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EXECUTIVE SUMMARY exploration program. Divided into three general categories, these recommenda- tions are as follows. Science Prerequisites for Human Exploration (Enabling Science) 1. The program office charged with human exploration should establish the scientific and programmatic requirements needed to resolve the critical research and optimal performance issues enabling a human exploration program, such as a human mission to Mars. To define these requirements, the program office may enlist the assistance of other NASA offices, federal agencies, and the outside research community. 2. The scientific investigations required to resolve critical enabling research and optimal performance issues for a human exploration program should be se- lected by NASA's Headquarters science offices, or other designated agencies, using selection procedures based on broad solicitation, open and equitable com- petition, peer review, and adequate post-selection debriefings. 3. NASA should maintain a dedicated biomedical sciences office headed by a life scientist. This office should be given management visibility and decision- making authority commensurate with its critical role in the program. The option of having this office report directly to the NASA Administrator should be given careful consideration. Science Enabled by Human Exploration 4. Each space research discipline should maintain a science strategy to be used as the basis for planning, prioritizing, selecting, and managing science, in- cluding that enabled by a human exploration program. 5. NASA's Headquarters science offices should select the scientific experi- ments enabled by a human exploration program according to established prac- tices: community-wide opportunity announcements, open and equitable compe- tition, and peer review. 6. The offices responsible for human exploration and for space science should jointly create a formal organizational structure for managing the enabled science component of a human exploration program. Institutional Issues 7. Officials responsible for review of activities or protocols relating to hu- man health and safety and planetary protection on human and robotic missions should be independent of the implementing program offices. 8. The external research community should have a leading role in defining and carrying out the scientific experiments conducted within a human explora- tion program.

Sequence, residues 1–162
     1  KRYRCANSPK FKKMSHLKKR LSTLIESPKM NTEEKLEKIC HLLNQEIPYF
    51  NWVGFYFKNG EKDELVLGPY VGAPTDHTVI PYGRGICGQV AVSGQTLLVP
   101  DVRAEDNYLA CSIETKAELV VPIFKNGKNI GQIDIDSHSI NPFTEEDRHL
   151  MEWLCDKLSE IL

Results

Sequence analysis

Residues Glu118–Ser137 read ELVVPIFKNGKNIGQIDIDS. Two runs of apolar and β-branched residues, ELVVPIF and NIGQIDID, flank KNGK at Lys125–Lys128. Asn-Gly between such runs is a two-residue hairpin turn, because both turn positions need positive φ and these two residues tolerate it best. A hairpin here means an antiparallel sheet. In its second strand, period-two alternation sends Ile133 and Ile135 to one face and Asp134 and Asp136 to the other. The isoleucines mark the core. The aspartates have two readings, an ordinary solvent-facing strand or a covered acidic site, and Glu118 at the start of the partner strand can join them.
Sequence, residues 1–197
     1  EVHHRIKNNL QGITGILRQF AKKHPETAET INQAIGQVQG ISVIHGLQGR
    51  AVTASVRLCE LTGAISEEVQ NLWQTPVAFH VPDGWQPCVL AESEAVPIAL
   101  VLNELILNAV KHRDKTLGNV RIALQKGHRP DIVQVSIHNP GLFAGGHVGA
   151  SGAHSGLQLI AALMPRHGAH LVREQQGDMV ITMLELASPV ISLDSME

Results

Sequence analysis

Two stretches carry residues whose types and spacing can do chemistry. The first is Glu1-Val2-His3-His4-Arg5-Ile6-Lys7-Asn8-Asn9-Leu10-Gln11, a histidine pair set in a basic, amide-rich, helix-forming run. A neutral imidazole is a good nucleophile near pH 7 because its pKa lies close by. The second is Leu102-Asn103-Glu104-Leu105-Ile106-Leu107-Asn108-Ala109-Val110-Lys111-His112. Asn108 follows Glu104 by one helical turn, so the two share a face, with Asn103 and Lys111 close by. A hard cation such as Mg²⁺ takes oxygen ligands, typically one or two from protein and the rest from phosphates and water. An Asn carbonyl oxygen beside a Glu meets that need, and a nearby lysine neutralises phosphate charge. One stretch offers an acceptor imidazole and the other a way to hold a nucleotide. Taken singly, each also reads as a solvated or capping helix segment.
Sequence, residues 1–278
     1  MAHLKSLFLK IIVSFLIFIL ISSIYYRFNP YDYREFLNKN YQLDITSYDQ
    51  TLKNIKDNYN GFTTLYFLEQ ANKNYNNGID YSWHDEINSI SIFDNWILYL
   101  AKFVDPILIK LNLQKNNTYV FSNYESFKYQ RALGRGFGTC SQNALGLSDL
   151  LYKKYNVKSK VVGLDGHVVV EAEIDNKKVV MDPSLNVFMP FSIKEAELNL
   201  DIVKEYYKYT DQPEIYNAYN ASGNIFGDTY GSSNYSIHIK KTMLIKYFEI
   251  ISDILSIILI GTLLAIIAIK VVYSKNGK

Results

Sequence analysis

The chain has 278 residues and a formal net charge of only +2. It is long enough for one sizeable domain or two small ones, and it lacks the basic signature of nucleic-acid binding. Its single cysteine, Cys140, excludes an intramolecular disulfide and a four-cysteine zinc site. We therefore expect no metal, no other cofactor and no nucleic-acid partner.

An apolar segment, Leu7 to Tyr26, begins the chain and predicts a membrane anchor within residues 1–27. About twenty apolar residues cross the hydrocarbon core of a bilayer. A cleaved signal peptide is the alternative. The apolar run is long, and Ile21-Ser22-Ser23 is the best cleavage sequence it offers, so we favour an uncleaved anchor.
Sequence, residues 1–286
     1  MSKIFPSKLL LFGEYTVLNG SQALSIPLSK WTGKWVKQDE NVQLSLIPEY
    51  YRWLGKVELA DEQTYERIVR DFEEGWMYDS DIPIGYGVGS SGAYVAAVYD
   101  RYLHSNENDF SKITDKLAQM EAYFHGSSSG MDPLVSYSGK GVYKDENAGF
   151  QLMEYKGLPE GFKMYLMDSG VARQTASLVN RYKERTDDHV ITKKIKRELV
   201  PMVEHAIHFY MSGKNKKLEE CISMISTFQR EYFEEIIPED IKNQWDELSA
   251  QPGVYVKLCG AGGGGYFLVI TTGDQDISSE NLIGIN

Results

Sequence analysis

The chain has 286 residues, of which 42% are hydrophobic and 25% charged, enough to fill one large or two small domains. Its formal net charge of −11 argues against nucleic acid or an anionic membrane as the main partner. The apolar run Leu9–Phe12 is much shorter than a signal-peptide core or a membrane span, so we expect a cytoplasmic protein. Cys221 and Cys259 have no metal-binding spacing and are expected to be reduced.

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4 SCIENCE MANAGEMENT IN THE HUMAN EXPLORATION OF SPACE 9. A human exploration program organization must incorporate scientific personnel to assist in program planning and operations, and to serve as an inter- face between internal project management and the external scientific community. Such "in-house" scientists should be of a professional caliber that will enable them to compete on an equal basis with their academic colleagues for research opportunities offered by human exploration missions. 10. Working through their partnership in a joint spaceflight/science program office, the science offices should control the overall science management pro- cess, including the budgeting and disbursement of research funds. REFERENCES 1. Space Studies Board, National Research Council, Scientific Prerequisites for the Human Exploration of Space, National Academy Press, Washington, D.C., 1993. 2. Space Studies Board, National Research Council, Scientific Opportunities in the Human Ex- ploration of Space, National Academy Press, Washington, D.C., 1994.